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UBC Theses and Dissertations

Behind the counter : migration, labour policy and temporary work in a global fast food chain Polanco Sorto, Aida Geraldina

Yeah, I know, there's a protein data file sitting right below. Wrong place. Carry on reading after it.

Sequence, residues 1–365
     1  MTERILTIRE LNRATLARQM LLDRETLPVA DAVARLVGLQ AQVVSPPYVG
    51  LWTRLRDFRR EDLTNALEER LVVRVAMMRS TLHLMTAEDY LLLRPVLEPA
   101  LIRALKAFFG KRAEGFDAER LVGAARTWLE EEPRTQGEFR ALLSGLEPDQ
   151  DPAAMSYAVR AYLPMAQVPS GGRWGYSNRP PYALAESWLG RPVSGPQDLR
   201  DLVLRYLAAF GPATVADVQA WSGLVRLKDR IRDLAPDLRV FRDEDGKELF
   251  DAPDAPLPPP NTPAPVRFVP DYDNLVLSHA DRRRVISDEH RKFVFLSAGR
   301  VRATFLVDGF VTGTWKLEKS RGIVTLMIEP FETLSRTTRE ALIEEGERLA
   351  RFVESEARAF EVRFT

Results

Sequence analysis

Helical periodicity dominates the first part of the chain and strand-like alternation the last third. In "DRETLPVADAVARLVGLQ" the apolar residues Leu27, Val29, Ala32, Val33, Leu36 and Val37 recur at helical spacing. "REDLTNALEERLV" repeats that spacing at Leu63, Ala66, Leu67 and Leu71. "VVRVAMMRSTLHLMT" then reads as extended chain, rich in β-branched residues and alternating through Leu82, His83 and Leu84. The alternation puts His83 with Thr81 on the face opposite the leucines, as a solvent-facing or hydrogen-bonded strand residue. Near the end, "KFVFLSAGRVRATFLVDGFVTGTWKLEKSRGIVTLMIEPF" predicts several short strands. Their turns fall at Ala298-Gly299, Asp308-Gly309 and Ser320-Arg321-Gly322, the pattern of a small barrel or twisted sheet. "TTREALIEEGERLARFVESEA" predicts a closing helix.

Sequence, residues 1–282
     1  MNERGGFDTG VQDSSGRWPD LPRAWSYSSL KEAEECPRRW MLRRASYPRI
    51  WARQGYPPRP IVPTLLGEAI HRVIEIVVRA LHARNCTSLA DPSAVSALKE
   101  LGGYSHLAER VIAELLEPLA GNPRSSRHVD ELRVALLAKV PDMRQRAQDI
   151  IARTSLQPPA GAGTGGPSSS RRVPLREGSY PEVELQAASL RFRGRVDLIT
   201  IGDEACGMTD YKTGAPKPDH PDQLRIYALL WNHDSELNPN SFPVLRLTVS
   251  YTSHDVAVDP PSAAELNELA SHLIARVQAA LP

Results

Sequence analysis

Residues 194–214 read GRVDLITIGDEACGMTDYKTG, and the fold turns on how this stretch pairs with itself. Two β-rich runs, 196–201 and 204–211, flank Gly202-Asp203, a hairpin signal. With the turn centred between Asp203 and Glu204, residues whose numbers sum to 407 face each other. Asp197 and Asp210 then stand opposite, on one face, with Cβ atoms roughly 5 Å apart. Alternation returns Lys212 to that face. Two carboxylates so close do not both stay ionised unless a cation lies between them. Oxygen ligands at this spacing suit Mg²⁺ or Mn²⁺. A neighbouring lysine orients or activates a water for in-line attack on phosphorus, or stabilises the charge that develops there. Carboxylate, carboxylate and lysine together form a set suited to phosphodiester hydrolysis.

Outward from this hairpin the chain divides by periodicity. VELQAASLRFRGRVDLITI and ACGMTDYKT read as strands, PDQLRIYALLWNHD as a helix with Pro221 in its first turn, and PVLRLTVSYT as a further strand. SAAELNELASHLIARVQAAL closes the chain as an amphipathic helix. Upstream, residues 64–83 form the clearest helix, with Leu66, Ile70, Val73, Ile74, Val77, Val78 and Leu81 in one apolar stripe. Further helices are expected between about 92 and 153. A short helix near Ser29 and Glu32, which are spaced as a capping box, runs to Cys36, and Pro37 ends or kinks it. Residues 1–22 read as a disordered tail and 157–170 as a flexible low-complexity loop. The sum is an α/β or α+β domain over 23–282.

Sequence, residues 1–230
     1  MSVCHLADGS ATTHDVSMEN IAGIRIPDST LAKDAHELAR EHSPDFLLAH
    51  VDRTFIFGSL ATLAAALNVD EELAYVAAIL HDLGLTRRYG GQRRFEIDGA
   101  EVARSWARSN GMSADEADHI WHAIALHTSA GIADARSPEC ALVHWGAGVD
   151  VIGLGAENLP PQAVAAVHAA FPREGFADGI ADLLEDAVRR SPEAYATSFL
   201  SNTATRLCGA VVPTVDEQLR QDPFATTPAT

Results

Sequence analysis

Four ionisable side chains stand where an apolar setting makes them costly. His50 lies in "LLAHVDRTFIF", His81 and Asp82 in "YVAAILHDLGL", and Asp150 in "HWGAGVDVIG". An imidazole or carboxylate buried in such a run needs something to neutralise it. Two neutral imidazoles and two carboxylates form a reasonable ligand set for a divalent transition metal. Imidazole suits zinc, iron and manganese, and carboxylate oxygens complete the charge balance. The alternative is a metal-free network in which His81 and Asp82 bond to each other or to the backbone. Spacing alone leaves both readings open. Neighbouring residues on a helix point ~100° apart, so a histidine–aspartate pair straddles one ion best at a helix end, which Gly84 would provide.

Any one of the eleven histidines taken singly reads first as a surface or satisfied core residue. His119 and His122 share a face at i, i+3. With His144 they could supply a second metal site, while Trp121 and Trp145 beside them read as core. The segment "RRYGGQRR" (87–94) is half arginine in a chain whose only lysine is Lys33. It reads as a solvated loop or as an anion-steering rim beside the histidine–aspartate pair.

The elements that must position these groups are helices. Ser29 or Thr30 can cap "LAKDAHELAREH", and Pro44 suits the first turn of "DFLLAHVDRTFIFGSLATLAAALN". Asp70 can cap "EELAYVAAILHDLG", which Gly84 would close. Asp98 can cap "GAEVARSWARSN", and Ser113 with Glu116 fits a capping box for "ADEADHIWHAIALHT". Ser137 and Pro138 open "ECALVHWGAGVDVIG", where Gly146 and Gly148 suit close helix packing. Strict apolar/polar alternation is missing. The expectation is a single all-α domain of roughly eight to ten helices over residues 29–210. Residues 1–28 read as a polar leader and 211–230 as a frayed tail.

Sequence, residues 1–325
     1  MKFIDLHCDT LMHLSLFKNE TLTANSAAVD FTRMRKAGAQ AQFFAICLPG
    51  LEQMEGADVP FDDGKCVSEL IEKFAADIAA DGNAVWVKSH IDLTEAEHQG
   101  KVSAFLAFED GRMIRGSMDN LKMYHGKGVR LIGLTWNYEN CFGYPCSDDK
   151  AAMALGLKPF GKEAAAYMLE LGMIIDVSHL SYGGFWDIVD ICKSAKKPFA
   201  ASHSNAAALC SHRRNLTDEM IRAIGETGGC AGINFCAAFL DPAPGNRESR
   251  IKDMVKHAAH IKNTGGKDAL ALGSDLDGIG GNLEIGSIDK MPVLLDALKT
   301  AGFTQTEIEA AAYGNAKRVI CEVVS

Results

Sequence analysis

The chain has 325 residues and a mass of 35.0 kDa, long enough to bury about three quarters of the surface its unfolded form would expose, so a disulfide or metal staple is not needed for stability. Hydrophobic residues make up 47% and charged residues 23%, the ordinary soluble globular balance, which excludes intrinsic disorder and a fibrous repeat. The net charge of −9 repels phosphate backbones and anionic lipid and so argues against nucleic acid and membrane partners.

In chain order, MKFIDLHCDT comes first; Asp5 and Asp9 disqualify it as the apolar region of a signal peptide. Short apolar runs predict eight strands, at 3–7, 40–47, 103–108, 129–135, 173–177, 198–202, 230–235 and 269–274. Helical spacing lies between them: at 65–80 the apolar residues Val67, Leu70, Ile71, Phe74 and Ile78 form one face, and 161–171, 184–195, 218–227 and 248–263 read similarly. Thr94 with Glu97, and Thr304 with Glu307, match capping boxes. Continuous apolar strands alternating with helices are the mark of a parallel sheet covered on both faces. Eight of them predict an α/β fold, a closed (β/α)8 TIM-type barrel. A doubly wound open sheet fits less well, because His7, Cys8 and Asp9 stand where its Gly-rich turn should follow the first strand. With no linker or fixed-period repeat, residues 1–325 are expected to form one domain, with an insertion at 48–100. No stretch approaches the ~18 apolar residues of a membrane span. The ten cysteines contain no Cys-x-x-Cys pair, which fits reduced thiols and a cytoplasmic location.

This dissertation explores the shift from local to global recruitment practices in western Canada’s low-waged service sector, with fast food and Tim Hortons serving as the industry and case study for this project. By examining the recent expansion to Canada’s Temporary Foreign Worker Program, I show how a market-driven immigration program is resulting in new flows of workers entering Canada for low-waged occupations like fast food service. These workers are primarily young, educated, eager and able-bodied male and female migrant workers recruited disproportionately from the Philippines. They are new in the sense that they are part of a highly qualified flow of migrants who no longer have the opportunity to permanently immigrate and become full members of the Canadian polity. They enter Canada in pursuit of the classical immigrant dream only to discover that the context of reception has changed. They are recruited through a labour migration program that offers migrants few if any opportunities to transition from temporary to permanent residency status, and one that encourages migrants to compete for permanent residency within the worksite, at improbable odds. This study draws from 62 semi-structured interviews, ethnographic field research conducted in Canada and the Philippines, and freedom of information data gathered on Tim Hortons’ recruitment practices of migrant workers in Alberta and British Columbia. I show how: the tourism and hospitality industry was instrumental for institutionalizing an employer-friendly market driven immigration program; how the Filipino migration apparatus seeks to deliver culturally appropriate workers to foreign employers; how the turn to migrant labour by fast food is providing employers with young, able-bodied and an industry-preferred workforce; and how the Canadian dream operates to enlist the consent of migrant workers within the worksite. This study has implications beyond fast food and western Canada given the proliferation of migrant worker programs on a global scale, and the status of Canada and the Philippines as model immigration and labour programs.

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